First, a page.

When Noah Emmerich found out I was only recording audio of our interview, he joked that he would take off his clothes. I replied that I would write that he did, whether he followed through or not. There you go, Noah.
It got us off to a great start talking about “The Americans,” in which his role as neighbor and FBI agent Stan Beeman has developed its own intrigue aside from what’s right under his nose already. Emmerich has also been in many of our favorite movies, so I couldn’t help throwing in some Truman Show and Frequency questions, and his upcoming role in the troubled production of Jane Got a Gun.
CraveOnline: Stan was having a very nice relationship with an operative, Nina.
Noah Emmerich: That’s what I thought.
How has that changed Stan?
Oddly, his world has gotten darker and lighter at the same time. He’s been backed into a corner pretty deeply over the course of the first season. His home life is getting worse, his relationship with his wife, his estrangement from his son. His confusion at work is sort of compounding somewhat as he gets closer and closer to his prey. They keep slipping away.
He thinks he’s on top of things, but he just keeps missing them. But he does have this sort of flowering relationship with Nina who I think he sees as a counterpoint to himself, a reflection of himself if you would, someone who understands him in a way that his wife can’t. Partially for his wife’s own protection because of the secretive life of an undercover agent or counterintelligence agent and his trying to keep his family clean of his somewhat dirty work world.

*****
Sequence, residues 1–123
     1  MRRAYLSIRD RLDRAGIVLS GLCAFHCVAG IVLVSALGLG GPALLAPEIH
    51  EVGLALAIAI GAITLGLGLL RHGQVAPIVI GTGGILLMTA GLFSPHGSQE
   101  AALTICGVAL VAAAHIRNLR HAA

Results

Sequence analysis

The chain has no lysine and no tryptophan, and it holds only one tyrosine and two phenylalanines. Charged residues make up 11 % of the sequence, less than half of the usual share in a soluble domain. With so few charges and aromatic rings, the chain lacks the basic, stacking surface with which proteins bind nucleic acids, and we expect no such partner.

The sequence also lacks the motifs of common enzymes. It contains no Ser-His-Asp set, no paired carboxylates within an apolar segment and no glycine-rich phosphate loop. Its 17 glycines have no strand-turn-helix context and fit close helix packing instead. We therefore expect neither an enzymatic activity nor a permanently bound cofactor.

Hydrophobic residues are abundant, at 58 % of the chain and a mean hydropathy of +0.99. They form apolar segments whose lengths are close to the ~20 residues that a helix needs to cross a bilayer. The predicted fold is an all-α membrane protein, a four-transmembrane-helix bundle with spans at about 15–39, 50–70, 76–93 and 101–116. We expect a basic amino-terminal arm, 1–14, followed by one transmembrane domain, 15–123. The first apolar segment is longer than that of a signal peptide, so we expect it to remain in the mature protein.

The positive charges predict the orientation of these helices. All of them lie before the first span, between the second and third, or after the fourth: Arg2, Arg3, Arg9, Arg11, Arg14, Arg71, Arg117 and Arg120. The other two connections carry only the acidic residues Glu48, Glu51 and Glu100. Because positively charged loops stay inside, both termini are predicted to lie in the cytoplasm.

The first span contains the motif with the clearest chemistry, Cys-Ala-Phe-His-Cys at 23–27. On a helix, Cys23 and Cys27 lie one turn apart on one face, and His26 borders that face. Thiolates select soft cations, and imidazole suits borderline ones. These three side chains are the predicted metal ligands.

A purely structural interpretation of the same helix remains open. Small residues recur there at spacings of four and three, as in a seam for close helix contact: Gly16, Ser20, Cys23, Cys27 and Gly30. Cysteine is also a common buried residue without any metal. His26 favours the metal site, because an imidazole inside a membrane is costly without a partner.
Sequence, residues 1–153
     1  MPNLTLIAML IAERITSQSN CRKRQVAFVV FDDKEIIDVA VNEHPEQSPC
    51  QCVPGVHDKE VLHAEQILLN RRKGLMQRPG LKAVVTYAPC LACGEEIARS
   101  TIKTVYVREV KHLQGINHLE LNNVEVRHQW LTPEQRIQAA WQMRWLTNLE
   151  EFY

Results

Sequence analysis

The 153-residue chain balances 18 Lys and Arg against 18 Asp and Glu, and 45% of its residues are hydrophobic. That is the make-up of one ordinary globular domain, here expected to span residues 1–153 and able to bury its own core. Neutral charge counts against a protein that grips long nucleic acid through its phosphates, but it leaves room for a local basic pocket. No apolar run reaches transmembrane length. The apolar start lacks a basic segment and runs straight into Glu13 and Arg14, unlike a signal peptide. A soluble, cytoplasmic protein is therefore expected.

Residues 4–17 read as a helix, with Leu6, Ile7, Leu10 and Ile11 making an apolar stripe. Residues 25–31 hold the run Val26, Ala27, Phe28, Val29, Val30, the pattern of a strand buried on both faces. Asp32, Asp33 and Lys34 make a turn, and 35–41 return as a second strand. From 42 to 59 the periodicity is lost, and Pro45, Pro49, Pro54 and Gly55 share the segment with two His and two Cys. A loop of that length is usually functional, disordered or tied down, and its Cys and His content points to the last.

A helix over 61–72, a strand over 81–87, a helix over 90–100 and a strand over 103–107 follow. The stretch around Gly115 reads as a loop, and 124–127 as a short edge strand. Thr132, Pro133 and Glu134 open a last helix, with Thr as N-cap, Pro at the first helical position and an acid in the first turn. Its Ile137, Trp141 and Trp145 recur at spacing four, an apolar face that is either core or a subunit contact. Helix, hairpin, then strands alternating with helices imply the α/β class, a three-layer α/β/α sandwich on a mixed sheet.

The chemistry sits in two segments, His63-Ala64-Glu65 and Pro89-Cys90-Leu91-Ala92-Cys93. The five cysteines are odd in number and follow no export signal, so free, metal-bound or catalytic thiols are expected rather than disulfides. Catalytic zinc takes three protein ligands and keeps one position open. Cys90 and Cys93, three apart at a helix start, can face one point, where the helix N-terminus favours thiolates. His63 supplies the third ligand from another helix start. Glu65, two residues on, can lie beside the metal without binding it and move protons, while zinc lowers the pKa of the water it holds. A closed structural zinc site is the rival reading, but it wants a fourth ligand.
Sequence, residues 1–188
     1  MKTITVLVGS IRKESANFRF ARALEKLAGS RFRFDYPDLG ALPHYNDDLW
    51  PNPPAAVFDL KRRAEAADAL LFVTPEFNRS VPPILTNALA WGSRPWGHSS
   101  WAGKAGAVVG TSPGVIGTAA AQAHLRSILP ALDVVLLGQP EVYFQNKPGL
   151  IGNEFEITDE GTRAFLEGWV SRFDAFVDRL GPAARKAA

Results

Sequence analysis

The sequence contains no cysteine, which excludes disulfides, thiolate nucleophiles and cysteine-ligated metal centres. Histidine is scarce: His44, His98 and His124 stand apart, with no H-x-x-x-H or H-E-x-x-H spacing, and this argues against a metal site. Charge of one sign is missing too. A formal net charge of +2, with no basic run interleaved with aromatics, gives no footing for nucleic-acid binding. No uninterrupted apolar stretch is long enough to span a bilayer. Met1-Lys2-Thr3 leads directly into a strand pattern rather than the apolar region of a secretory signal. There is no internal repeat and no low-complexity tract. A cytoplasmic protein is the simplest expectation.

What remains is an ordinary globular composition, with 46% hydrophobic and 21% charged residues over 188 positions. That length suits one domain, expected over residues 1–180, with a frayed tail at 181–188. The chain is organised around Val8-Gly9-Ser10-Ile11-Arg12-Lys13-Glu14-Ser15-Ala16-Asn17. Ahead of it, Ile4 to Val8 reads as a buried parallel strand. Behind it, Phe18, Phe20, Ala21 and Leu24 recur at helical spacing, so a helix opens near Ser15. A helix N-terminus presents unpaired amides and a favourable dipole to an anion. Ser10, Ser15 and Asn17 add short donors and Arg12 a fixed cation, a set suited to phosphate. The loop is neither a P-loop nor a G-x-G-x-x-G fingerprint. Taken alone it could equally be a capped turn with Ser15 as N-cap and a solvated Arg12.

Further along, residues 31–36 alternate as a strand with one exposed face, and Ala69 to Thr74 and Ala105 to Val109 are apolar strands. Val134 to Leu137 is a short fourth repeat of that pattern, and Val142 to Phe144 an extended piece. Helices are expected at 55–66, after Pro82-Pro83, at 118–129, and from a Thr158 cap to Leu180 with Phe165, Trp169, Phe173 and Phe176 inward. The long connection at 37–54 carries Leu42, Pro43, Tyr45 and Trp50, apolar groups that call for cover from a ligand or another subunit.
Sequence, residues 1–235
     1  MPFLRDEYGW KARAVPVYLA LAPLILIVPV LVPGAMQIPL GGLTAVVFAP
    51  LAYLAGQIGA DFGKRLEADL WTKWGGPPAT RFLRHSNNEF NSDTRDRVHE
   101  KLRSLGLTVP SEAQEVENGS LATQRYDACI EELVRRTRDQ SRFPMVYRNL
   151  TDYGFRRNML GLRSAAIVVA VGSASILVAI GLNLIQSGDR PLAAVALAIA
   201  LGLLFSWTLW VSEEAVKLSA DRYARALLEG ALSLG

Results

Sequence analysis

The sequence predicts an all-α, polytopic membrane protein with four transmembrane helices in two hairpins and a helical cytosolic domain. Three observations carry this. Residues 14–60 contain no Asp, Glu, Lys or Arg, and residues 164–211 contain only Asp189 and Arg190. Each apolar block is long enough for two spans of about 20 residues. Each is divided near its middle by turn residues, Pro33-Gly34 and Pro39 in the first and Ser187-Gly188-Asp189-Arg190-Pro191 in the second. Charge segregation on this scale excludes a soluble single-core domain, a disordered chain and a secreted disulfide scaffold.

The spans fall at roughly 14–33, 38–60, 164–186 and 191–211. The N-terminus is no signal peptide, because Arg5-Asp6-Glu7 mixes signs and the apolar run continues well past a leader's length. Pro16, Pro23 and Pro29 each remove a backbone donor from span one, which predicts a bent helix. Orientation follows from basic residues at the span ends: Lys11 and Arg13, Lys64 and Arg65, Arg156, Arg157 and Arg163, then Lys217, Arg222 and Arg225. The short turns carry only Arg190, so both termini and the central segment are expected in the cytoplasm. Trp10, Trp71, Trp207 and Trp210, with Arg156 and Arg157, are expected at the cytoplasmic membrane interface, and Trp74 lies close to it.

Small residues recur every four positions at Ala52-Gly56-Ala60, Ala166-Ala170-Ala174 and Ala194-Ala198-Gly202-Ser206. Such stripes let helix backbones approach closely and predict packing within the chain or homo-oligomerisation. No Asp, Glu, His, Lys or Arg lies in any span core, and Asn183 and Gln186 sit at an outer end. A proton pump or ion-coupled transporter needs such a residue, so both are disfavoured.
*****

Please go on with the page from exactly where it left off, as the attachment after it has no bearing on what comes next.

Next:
But Nina’s someone who accidentally, I think he approached the relationship with all the best intentions as a source, but he is an isolated, lonely man. Somehow she opened up to him which I think he feels able to communicate and be seen and assuage some of that loneliness.
How do you think Stan didn’t know or expect how complicated that relationship could be?
Well, I mean, Stan is a newcomer to the intelligence gang. He was working domestically for the bureau. He was working undercover for a domestic terrorist group essentially what we would call now, a racist organization he was trying to infiltrate. But the world of spies, undercover is actually quite different from the world of spies and I think the complexity and the moving parts of the spy world took him by surprise somewhat. He landed running and he’s gotten a little bit ahead of himself, but hopefully he’s a very smart guy, not to mention extremely good looking. [Laughs] So hopefully he’ll be able to figure it out.
Is he emotionally wounded this season?
I think he’s wounded from the day we met him. I think he still hasn’t fully recovered from his three years undercover with the white supremacist group. That was a traumatic experience. He’s just sort of reentering his own skin, his own family, also having moved across the country to Washington. We find him somewhat disoriented and I think more wounded than he admits. Then of course a series of events that unfold over the course of the season only serve to wound him further. I think this season will be even more difficult. As we see, Nina is playing both sides of the fence. Stan doesn’t know that so certainly that’s going to come up somehow and I don’t think it’s going to be pleasant.